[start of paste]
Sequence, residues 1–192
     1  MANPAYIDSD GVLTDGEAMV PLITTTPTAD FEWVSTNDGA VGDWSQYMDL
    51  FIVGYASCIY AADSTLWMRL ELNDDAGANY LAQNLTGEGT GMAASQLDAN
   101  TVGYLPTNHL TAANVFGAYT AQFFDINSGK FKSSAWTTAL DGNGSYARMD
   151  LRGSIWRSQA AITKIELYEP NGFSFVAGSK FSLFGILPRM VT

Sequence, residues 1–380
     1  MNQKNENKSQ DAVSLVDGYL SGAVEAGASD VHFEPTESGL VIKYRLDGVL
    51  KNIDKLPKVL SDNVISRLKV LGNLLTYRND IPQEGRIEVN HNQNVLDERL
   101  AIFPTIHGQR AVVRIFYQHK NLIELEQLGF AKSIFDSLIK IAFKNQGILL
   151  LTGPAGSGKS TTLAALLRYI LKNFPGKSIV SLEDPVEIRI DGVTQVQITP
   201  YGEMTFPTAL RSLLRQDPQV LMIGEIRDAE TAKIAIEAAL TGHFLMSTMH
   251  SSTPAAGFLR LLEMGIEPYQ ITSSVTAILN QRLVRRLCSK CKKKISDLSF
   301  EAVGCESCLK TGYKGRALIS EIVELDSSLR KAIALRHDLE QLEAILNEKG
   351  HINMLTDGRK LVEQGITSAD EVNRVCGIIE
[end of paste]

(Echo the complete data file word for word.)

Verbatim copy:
Sequence, residues 1–192
     1  MANPAYIDSD GVLTDGEAMV PLITTTPTAD FEWVSTNDGA VGDWSQYMDL
    51  FIVGYASCIY AADSTLWMRL ELNDDAGANY LAQNLTGEGT GMAASQLDAN
   101  TVGYLPTNHL TAANVFGAYT AQFFDINSGK FKSSAWTTAL DGNGSYARMD
   151  LRGSIWRSQA AITKIELYEP NGFSFVAGSK FSLFGILPRM VT

Sequence, residues 1–380
     1  MNQKNENKSQ DAVSLVDGYL SGAVEAGASD VHFEPTESGL VIKYRLDGVL
    51  KNIDKLPKVL SDNVISRLKV LGNLLTYRND IPQEGRIEVN HNQNVLDERL
   101  AIFPTIHGQR AVVRIFYQHK NLIELEQLGF AKSIFDSLIK IAFKNQGILL
   151  LTGPAGSGKS TTLAALLRYI LKNFPGKSIV SLEDPVEIRI DGVTQVQITP
   201  YGEMTFPTAL RSLLRQDPQV LMIGEIRDAE TAKIAIEAAL TGHFLMSTMH
   251  SSTPAAGFLR LLEMGIEPYQ ITSSVTAILN QRLVRRLCSK CKKKISDLSF
   301  EAVGCESCLK TGYKGRALIS EIVELDSSLR KAIALRHDLE QLEAILNEKG
   351  HINMLTDGRK LVEQGITSAD EVNRVCGIIE